but, as checks in themselves do not show the reason or authority for the
payments, the disbursements should be supported by duly authorized
vouchers. 12 Checks are frequently recorded in books called check registers,
which usually give the date, check number, payee, amount, and voucher
number. 23 Where there are more than one depositary, a check register
should be kept for each.* 4 Checks are numbered, and, after the checks
which have been paid and returned by the bank have been used to verify



CASH 3

tlie bank account, they should be arranged in numerical order and the
missing numbers accounted for. 25 All outstanding checks should be listed. 88
Canceled checks should be pasted on the stubs when canceled, 27 and paid
checks should also be pasted on the stubs when returned by the bank. 88
Under general circumstances the auditor need not examine the endorsements
on returned checks, except those drawn to the order of cash. 29 Drawn
checks do not affect the accounts until they have been delivered. 30

Statement of Receipts and Disbursements A statement of receipts and
disbursements is a report showing respectively with regard to cash, the
balance at the beginning of a period, the classified receipts and disburse-
ments during the period, and the balance remaining at the end of the
period. 31 Some accountants do not classify the receipts and disburse-
ments, 33 while other accountants classify them." 3 If it is desired to classify
the receipts and disbursements, a procedure which seems advisable, head-
ings somewhat like the following can be used : M

RECEIPTS :

(a) From the Collection of Current Assets.

(b) From the Sale of Working Assets.

(c) From the Incurrence of Liabilities.

(d) From Miscellaneous Sources.

DISBURSEMENTS :

(a) For Liabilities Liquidated.

(b) For Interest on Indebtedness.

(c) For Reduction of Credit Accounts of Officers.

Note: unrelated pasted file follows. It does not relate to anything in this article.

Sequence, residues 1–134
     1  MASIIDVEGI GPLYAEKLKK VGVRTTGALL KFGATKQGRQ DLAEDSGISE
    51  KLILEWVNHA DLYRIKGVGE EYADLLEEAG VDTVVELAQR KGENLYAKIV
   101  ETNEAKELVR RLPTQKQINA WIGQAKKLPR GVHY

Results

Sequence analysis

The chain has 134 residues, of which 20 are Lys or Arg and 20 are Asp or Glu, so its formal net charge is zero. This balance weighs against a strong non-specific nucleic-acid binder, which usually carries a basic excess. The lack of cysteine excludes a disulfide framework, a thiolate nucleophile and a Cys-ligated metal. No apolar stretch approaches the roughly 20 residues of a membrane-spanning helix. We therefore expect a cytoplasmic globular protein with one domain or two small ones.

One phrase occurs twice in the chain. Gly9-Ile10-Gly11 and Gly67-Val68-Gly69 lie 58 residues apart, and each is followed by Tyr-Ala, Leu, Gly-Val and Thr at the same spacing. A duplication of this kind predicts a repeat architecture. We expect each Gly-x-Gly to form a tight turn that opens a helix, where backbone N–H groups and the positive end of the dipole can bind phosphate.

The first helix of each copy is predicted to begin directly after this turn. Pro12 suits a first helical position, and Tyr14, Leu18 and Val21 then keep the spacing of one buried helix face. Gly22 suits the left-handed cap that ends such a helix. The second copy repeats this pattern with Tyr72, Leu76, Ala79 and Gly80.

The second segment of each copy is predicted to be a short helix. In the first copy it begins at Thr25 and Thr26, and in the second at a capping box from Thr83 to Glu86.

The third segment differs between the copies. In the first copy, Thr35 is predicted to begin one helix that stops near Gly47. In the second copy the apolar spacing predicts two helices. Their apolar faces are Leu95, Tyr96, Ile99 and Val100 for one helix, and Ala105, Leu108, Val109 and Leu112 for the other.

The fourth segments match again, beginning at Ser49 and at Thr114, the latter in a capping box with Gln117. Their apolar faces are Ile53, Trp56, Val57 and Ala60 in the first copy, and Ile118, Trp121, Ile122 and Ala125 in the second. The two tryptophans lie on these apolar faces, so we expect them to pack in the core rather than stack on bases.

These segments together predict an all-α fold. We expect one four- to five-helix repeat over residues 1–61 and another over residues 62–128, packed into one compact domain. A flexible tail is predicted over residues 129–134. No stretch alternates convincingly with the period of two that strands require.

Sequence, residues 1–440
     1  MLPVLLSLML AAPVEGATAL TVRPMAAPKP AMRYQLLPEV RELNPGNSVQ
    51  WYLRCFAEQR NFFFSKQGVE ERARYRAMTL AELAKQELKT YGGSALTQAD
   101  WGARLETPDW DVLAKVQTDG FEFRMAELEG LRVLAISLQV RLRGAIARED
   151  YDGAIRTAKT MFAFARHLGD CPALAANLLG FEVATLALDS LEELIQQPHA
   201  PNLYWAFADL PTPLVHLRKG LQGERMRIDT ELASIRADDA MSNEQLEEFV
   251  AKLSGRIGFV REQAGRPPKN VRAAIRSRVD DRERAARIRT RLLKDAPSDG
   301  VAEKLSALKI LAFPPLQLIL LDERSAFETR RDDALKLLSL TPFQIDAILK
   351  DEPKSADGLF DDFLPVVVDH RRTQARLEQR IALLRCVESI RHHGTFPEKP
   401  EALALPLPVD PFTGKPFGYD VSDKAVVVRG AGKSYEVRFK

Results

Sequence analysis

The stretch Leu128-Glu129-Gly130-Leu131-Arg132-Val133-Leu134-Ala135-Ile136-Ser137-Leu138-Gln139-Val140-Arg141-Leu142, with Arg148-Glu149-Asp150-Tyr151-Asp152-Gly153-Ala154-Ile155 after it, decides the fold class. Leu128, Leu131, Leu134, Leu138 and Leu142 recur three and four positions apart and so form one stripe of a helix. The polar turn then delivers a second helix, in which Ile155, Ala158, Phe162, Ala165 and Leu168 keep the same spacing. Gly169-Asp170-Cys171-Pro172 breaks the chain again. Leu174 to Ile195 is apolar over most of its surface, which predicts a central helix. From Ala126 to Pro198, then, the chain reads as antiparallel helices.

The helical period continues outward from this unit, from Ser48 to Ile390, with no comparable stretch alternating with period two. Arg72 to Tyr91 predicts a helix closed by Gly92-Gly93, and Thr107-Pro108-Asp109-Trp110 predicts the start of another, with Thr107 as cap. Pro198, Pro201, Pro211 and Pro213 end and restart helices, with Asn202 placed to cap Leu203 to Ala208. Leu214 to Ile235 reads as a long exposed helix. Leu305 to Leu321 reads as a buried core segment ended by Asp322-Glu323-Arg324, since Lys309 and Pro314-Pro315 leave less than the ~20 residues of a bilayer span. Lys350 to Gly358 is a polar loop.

(d) For Pre-Process Cost of Goods Manufactured.

(e) For Factory Overhead Expenses.

(f) For Selling Expenses.

(g) For General and Administrative Expenses.

Care should be taken not to confuse statements of income and expenses
with statements of receipts and disbursements; the former contain all
expenses and income whether paid in cash or not, while the latter contain
merely a formal rearrangement of the information recorded in the cash
book. 36

Bank Balance When receipts are deposited and payments made by
checks, the cash book will show only net cash on both sides, thus eliminat-
ing the need of any extra column for the bank record 30 or of having a bank
account in the ledger. However, the bank balance at any one time may
vary from the balance of the cash book." The two can be reconciled by
making four tables: (a) We debit, bank does not credit; (b) we credit,
bank does not debit; (c) bank debits, we do not credit; and (d) bank
credits, we do not debit. 38 The sum of the bank's balance and (a) and
(c) should equal the sum of the cash book balance and (b) and (d). 39 A
list of outstanding checks at the end of the period should be prepared 40



C. T. A. ACCOI NTINfi



and specially scrutinized." Outstanding checks at the beginning of the
period should be examined and traced into the cash book. c

When separate records are maintained in the cash book, check book,
and pass book, the receipts and disbursements can be reconciled by adapt-
ing the following tables to meet the conditions:"

RECONCILIATION OF RECEIPTS



Cash Book Check Book Pass Book



Recorded receipts

Receipts not deposited

Deposit of previous period's receipts .